The eruptions diminished rapidly after that point, and by the morning of August 28 Krakatoa was silent. Small eruptions, mostly of mud, continued through October, though further reports continued through February 1884. These reports were discounted by (Rogier) Verbeek.

The combined effects of pyroclastic flows, volcanic ashes and tsunamis had disastrous results in the region. There were no survivors from 3,000 people located at the island of Sebesi, about 13 km (8.1 mi) from Krakatoa. Pyroclastic flows killed around 1,000 people at Ketimbang on the coast of Sumatra some 40 km (25 mi) north from Krakatoa. The official death toll recorded by the Dutch authorities was 36,417, although some sources put the estimate at 120,000 or more.

Ships as far away as South Africa  rocked as tsunamis hit them, and the bodies of victims were found floating in the ocean for weeks after the event. The tsunamis which accompanied the eruption are believed to have been caused by gigantic pyroclastic flows  entering the sea; each of the four great explosions was accompanied by a massive pyroclastic flow resulting from the gravitational collapse of the eruption column.

In the aftermath of the eruption, it was found that the island of Krakatoa had almost entirely disappeared, except for the southern half of Rakata cone cut off along a vertical cliff, leaving behind a 250-metre (820 ft) deep caldera.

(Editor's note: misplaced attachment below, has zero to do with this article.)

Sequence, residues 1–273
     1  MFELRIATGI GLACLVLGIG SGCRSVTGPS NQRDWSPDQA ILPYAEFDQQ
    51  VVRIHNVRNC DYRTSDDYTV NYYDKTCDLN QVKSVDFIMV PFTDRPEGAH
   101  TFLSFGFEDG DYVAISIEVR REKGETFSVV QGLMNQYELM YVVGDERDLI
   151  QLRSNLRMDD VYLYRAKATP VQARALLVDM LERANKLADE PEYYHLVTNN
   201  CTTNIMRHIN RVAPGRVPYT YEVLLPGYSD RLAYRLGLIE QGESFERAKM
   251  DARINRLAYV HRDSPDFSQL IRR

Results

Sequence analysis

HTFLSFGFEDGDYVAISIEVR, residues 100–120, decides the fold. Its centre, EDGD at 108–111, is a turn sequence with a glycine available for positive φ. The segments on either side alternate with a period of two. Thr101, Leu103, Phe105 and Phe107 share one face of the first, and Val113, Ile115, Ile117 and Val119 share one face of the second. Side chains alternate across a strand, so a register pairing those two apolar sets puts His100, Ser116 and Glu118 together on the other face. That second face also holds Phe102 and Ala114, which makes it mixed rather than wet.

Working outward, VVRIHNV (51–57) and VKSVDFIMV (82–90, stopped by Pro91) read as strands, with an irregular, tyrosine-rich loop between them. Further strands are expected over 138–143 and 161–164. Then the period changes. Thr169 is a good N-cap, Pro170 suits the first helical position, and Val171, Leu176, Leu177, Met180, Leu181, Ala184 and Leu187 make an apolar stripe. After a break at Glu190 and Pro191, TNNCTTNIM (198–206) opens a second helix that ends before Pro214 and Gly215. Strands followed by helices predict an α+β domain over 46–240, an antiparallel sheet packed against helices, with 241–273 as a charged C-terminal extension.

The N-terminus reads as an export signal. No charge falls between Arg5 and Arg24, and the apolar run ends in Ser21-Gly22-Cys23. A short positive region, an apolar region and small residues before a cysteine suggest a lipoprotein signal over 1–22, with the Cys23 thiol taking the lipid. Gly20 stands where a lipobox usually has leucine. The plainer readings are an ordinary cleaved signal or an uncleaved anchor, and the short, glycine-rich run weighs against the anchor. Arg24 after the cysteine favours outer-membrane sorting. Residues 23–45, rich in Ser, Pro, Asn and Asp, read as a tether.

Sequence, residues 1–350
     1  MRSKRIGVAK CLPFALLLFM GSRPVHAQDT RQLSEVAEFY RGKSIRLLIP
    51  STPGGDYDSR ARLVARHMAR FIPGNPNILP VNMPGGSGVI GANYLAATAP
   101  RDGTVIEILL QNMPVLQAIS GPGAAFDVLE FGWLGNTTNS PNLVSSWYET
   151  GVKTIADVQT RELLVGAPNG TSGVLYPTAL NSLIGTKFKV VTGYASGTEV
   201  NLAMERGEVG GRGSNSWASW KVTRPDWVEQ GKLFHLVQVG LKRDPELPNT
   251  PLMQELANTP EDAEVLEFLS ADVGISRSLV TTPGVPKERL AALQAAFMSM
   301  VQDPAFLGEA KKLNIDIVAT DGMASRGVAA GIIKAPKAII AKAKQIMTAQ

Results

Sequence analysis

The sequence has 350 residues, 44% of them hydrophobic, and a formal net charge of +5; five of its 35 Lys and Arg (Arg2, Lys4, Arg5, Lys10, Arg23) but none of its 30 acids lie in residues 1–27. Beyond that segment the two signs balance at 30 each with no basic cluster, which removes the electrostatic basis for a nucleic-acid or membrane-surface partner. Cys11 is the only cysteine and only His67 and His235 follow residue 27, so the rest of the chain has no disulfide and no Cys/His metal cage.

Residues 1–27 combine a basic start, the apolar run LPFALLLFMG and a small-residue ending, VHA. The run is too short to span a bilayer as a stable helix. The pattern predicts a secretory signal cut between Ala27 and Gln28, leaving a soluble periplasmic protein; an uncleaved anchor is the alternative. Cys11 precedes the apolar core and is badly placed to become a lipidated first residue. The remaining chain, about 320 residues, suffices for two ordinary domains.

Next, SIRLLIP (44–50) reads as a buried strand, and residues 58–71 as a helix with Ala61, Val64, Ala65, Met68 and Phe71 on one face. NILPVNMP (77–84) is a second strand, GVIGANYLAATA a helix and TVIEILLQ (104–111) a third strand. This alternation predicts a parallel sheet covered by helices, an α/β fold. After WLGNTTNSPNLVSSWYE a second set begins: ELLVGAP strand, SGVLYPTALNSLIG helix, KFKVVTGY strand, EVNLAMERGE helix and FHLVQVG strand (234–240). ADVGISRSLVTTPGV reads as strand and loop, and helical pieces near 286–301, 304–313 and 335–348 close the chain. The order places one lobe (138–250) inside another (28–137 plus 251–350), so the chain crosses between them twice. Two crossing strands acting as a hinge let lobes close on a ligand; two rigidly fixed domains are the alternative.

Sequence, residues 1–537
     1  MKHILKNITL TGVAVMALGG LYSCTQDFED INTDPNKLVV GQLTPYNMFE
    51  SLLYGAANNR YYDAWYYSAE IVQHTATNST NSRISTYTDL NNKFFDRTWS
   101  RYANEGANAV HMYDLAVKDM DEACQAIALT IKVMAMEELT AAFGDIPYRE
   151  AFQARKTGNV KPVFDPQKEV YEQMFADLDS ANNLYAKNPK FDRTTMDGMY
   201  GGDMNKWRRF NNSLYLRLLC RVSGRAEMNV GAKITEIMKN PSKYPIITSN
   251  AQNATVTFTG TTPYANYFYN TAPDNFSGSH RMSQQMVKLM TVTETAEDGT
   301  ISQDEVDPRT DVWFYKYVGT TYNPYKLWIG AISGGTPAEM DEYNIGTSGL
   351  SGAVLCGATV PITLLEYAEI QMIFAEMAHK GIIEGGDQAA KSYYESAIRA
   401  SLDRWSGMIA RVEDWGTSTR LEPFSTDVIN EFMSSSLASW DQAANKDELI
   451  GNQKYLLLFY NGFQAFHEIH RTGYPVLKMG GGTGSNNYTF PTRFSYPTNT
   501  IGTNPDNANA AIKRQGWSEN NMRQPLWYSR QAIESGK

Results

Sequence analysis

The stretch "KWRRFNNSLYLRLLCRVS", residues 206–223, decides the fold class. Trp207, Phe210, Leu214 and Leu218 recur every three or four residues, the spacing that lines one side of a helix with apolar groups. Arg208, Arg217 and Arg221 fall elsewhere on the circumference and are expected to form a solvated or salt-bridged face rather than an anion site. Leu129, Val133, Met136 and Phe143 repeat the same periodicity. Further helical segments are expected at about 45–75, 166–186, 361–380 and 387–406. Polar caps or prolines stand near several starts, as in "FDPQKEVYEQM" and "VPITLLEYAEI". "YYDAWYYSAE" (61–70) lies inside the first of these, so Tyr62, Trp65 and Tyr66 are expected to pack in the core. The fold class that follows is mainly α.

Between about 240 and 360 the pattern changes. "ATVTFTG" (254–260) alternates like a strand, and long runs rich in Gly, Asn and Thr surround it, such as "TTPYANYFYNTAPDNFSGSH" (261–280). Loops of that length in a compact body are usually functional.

In the year following the eruption, average global temperatures fell by as much as 1.2 C (2.2 F). Weather patterns continued to be chaotic for years, and temperatures did not return to normal until 1888.

The eruption darkened the sky worldwide for years afterwards, and produced spectacular sunsets throughout the world for many months. British artist William Ashcroft made thousands of colour sketches of the red sunsets half-way around the world from Krakatoa in the years after the eruption.

Aug 27 2011

F1: Circuit de Spa-Francorchamps Qualifying

Well, during the break nothing much happens by mutual agreement and I found the practice session to be inconclusive since most of it was held in the rain and the last 20 minutes everyone sat in the garage, so I was poking around in Google when I came across the Gribkowsky Affair.

Who is Gerhard Gribkowsky you say?  He’s a German banker who’s been charged recently with corruption, tax evasion, and breach of trust (you’ll be pleased to know he’s actually in custody).  While this is only part of the case against him, in 2005 he helped organize the $1.7 Billion sale of the 100 year Formula One lease to the current holders CVC (headed by Bernie Ecclestone) and accepted $44 Million in payments from Bernie.

One of the former minority shareholders was a media group named Kirsh which put it’s shares up as collateral for a loan with the agreement that they would participate in the profits from any sale.  Constantine Medien, part of the Kirsh group, filed suit last month against Ecclestone, his lawyers, his family trust, and Gribkowsky contending that the $44 Million payment was in fact a bribe to reduce the price of the sale ensuring there were no profits to be shared.